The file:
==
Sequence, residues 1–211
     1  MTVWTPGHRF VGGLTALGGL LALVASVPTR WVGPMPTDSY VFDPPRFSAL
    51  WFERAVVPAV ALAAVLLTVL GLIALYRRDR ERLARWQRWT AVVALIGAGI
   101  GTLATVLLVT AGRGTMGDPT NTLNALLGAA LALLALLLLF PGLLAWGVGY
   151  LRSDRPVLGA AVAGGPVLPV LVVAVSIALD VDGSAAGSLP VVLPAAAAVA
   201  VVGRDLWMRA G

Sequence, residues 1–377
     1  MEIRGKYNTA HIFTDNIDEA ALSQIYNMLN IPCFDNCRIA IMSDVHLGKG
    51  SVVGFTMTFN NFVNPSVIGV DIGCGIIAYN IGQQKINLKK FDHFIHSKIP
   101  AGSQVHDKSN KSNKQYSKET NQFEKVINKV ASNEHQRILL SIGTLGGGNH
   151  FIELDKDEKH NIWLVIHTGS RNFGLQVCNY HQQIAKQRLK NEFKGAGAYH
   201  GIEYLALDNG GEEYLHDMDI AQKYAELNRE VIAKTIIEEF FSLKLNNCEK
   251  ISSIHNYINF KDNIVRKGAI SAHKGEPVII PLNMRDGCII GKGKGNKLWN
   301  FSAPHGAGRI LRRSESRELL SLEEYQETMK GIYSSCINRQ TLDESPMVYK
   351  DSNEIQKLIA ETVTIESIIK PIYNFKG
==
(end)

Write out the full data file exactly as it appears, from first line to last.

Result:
Sequence, residues 1–211
     1  MTVWTPGHRF VGGLTALGGL LALVASVPTR WVGPMPTDSY VFDPPRFSAL
    51  WFERAVVPAV ALAAVLLTVL GLIALYRRDR ERLARWQRWT AVVALIGAGI
   101  GTLATVLLVT AGRGTMGDPT NTLNALLGAA LALLALLLLF PGLLAWGVGY
   151  LRSDRPVLGA AVAGGPVLPV LVVAVSIALD VDGSAAGSLP VVLPAAAAVA
   201  VVGRDLWMRA G

Sequence, residues 1–377
     1  MEIRGKYNTA HIFTDNIDEA ALSQIYNMLN IPCFDNCRIA IMSDVHLGKG
    51  SVVGFTMTFN NFVNPSVIGV DIGCGIIAYN IGQQKINLKK FDHFIHSKIP
   101  AGSQVHDKSN KSNKQYSKET NQFEKVINKV ASNEHQRILL SIGTLGGGNH
   151  FIELDKDEKH NIWLVIHTGS RNFGLQVCNY HQQIAKQRLK NEFKGAGAYH
   201  GIEYLALDNG GEEYLHDMDI AQKYAELNRE VIAKTIIEEF FSLKLNNCEK
   251  ISSIHNYINF KDNIVRKGAI SAHKGEPVII PLNMRDGCII GKGKGNKLWN
   301  FSAPHGAGRI LRRSESRELL SLEEYQETMK GIYSSCINRQ TLDESPMVYK
   351  DSNEIQKLIA ETVTIESIIK PIYNFKG